Summer is a busy time for Jared and Rachel Regier.
The Saskatoon couple started Chain Reaction Urban Farm in the summer of 2015.
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The urban farmers convert unused space into productive gardens. The produce is then delivered to customers weekly by bike from July until the start of October.
“They get 15 weeks of steady produce flowing to their door all summer long,” Regier said.
Because all the farm work is done by bike, if someone lives outside the delivery area within they city, they can pick up their produce at the Riversdale central location.
The pedal powered farm uses seven different plots of land across the city, growing vegetables anywhere from unused backyards to city boulevards.
“Once you have these tomatoes, and you have these carrots, and this lettuce and you go back to the grocery store, of course you’re going realize this is the best,” Regier explained .
Chain Reaction Urban Farm currently has 48 members. Noelle Chorney is one of them.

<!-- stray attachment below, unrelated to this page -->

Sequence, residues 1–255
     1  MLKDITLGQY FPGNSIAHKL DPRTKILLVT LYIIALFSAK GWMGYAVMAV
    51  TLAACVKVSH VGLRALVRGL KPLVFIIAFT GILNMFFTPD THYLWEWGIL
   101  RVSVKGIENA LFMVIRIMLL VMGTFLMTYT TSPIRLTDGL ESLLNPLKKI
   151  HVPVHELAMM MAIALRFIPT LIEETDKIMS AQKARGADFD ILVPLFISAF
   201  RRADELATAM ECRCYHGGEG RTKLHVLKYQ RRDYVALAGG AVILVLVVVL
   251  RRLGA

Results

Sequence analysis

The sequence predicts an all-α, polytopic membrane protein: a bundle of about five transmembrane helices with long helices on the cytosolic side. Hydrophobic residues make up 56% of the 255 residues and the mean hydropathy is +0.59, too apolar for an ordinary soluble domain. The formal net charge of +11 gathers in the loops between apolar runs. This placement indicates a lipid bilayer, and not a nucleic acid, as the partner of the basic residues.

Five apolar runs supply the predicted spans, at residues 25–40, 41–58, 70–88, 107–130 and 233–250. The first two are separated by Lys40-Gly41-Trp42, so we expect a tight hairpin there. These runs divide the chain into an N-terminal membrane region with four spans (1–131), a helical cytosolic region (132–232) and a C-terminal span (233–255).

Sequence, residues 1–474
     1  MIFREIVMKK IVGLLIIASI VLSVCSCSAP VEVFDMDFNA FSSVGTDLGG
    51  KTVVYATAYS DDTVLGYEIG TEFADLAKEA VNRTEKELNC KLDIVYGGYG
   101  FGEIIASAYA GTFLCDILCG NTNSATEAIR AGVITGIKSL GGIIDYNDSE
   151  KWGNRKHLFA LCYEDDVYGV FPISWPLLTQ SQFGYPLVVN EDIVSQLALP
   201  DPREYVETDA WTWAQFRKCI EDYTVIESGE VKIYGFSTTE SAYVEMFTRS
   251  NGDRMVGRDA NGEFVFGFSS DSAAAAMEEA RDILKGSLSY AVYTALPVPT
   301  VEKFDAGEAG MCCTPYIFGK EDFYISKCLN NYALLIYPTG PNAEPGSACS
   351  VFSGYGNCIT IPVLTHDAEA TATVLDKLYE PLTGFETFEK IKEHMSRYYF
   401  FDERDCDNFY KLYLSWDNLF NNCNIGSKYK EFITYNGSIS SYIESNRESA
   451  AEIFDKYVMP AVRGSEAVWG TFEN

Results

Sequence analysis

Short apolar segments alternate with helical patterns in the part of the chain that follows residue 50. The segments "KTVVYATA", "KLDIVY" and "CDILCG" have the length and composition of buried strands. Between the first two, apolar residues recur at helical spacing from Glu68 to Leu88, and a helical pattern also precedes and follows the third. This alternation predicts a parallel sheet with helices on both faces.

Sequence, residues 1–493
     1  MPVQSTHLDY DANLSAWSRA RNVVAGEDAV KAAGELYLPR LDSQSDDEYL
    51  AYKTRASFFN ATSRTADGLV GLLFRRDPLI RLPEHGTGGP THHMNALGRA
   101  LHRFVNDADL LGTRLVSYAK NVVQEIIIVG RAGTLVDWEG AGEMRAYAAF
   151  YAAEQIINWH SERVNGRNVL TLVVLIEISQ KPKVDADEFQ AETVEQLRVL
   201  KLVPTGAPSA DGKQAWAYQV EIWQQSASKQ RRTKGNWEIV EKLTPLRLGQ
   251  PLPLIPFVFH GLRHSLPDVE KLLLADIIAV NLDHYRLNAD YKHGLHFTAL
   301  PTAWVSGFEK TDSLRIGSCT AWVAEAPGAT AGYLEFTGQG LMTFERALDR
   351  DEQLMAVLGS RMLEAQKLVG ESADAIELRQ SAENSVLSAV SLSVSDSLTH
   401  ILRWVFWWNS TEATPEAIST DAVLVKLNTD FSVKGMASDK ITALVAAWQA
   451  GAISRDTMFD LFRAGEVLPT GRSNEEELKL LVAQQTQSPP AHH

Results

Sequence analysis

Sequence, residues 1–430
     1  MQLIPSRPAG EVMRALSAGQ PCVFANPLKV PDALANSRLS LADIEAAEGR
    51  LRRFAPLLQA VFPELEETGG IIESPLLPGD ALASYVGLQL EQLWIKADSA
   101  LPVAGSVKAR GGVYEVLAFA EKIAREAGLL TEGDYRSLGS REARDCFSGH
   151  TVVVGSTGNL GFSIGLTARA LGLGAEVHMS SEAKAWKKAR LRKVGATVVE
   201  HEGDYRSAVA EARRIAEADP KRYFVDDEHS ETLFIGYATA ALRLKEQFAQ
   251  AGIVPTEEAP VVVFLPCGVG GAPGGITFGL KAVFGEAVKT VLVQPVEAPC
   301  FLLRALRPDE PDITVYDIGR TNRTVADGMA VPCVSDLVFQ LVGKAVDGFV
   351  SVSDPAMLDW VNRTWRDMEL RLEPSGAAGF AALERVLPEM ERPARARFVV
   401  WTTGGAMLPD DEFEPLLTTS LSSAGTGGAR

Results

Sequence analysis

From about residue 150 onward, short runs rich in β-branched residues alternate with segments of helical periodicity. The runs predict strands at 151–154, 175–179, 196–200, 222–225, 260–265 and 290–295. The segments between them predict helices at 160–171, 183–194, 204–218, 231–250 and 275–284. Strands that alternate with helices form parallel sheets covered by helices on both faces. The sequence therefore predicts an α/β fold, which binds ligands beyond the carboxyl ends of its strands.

She said she decided to get a membership for both the quality of local food and the environmental aspects.
“The food doesn’t have to travel. There are no food miles at all involved with this. I think it depends on people’s priorities. If you like food that tastes good, go for it. If you like food that doesn’t have any impact on the environment, that’s also a good reason,” Chorney said.
Memberships range from $375 to $675 for the 15 weeks.
Currently memberships are sold out, and there’s a wait list. For now, Regier said he’s happy with the size of his business.
“We want to do more education because there’s a limit to what we can grow ourselves,” Regier said.
“We are two people working really hard and I don’t want to get into managing a factory of some kind, but there is still a need for more people in the city to grow food like this.”
“Find a patch of land in your backyard with some sun. Plant some seeds and start taking back your food.”